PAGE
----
Directory of U.S. Military Rockets and Missiles
Appendix 4: Undesignated Vehicles
Copyright © 2003 Andreas Parsch


When the SDI (Strategic Defense Initiative) program was initiated in the early 1980s, a number of anti-ballistic missile programs were started. These included ERIS (Exoatmospheric Reentry Interceptor Subsystem), HEDI (High Endoatmospheric Defense Interceptor) and - as a lower-tier endoatmospheric complement to HEDI - LEDI (Low Endoatmospheric Defense Interceptor). LEDI was to be a ground-launched, radar-guided missile armed with a conventional HE warhead. To develop and test LEDI technologies, LTV received a contract to build and fly test missiles under the SRHIT (Small Radar-Homing Intercept Technology) program. At some point into the project, SRHIT was renamed FLAGE (Flexible Lightweight Agile Guided Experiment).

The SRHIT/FLAGE missile was a solid-propellant rocket powered vehicle with a maximum speed of around 1 km/s (3300 ft/s). It was guided by a millimeter-wave radar and was designed to intercept incoming ballistic warheads at altitudes of about 5 km (16400 ft) or less. The missile was spin-stabilized and could manoeuver with up to 100G by using 216 small solid rocket motors in the forward body.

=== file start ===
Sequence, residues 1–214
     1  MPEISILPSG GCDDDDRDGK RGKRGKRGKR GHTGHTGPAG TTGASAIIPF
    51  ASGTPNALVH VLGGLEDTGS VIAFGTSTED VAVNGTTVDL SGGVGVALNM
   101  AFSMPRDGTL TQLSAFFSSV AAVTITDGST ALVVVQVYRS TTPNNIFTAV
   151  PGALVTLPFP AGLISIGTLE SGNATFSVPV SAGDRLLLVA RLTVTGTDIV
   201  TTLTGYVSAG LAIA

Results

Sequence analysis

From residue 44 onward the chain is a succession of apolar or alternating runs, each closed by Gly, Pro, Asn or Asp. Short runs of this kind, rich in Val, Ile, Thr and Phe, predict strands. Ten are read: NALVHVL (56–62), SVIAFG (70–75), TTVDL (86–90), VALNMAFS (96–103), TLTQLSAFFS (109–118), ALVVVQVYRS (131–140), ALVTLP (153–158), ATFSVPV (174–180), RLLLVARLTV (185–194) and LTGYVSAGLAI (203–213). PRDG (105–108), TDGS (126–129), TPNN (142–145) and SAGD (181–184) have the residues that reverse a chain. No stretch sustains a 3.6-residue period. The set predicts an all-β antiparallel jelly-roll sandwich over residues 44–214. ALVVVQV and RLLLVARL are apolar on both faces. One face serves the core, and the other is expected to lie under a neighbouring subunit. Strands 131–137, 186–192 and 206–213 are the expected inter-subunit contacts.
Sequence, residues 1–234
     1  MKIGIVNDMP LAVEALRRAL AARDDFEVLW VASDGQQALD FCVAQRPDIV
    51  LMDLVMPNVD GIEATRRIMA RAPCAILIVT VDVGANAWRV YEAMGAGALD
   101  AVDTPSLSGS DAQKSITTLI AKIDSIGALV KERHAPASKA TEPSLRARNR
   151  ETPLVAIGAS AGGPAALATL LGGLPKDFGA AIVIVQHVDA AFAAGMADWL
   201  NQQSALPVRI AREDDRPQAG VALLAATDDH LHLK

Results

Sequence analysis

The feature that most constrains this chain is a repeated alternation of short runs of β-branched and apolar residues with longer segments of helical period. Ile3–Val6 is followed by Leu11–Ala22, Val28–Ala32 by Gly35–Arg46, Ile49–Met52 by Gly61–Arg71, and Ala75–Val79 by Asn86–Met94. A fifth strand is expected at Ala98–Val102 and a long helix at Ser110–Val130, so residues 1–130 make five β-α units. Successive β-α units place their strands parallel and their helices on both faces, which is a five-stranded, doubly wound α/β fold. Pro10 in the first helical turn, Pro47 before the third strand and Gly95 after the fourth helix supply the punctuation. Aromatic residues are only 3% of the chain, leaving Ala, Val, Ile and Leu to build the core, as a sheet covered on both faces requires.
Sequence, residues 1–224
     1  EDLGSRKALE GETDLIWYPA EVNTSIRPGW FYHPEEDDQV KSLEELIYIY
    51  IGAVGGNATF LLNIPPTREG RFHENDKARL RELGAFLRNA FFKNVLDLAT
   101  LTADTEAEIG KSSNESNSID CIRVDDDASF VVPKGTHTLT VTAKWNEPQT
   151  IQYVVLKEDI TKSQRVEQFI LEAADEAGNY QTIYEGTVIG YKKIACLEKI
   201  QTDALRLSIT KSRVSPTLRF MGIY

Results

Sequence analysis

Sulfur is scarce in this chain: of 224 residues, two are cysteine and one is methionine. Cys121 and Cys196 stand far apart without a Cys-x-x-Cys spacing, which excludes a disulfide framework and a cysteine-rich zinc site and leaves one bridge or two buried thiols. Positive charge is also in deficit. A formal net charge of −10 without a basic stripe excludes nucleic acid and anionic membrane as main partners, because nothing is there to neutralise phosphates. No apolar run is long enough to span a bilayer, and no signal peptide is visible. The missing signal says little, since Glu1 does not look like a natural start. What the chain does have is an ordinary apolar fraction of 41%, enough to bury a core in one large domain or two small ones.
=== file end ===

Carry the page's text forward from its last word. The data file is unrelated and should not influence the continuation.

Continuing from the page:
Photo: via Scott Ferrin

During 1984, three SRHIT/FLAGE flights were conducted to test basic missile performance. The first intercept attempt, against a stationary balloon target, was attempted on the fifth flight test on 20 April 1986. The test was successful, and was followed by a successful intercept of a simulated missile target on 27 June that year. The seventh and final FLAGE test occurred on 21 May 1987, when an MGM-52 Lance short-range ballistic missile was successfully intercepted.

The LEDI program itself had already been terminated in 1986, but the FLAGE missile was further developed in the 1990s under the ERINT (Extended-Range Interceptor) program. The ERINT missile was eventually selected as the anti-ballistic missile for the Patriot system, and is now in operational service as the Patriot PAC-3.


Note: Data given by several sources show slight variations. Figures given below may therefore be inaccurate!


Length3 m (10 ft)
Diameter25 cm (10 in)
Speed1000 m/s (3300 fps)
PropulsionSolid-fueled rocket

Main Sources

[1] George Lewis: "Chronology of hit-to-kill missile tests, 1997
[2] David Hobbs: "An Illustrated Guide To Space Warefare", 1986
[3] "Military Technology", Issue 05, 1985
[4] "Patriot Missile" at HAWK Site Denmark (originally at, now dead link (31 March 2004))

Back to Directory of U.S. Military Rockets and Missiles, Appendix 4

Last Updated: 13 October 2003